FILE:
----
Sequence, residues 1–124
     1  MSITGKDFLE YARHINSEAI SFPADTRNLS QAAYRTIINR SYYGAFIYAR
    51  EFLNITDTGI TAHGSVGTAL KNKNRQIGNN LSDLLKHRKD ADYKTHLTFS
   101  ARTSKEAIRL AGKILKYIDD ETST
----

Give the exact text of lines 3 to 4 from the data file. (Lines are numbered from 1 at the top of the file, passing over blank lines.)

    51  EFLNITDTGI TAHGSVGTAL KNKNRQIGNN LSDLLKHRKD ADYKTHLTFS
   101  ARTSKEAIRL AGKILKYIDD ETST